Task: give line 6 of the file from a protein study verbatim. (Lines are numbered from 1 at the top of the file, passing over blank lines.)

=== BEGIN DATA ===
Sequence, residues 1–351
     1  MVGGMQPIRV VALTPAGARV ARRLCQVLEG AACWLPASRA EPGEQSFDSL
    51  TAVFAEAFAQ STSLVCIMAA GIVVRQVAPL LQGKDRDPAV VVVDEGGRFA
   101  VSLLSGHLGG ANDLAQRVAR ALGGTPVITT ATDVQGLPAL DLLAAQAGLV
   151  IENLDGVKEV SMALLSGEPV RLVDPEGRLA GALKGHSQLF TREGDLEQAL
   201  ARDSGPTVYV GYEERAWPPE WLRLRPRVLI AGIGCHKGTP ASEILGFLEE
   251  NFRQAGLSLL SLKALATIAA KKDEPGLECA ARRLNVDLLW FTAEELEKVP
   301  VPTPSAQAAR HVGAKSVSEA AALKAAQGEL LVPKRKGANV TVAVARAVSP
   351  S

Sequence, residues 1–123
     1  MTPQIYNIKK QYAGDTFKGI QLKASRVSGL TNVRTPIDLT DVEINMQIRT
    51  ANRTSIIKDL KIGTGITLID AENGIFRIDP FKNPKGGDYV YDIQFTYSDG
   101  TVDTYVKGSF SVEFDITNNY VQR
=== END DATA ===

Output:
   201  ARDSGPTVYV GYEERAWPPE WLRLRPRVLI AGIGCHKGTP ASEILGFLEE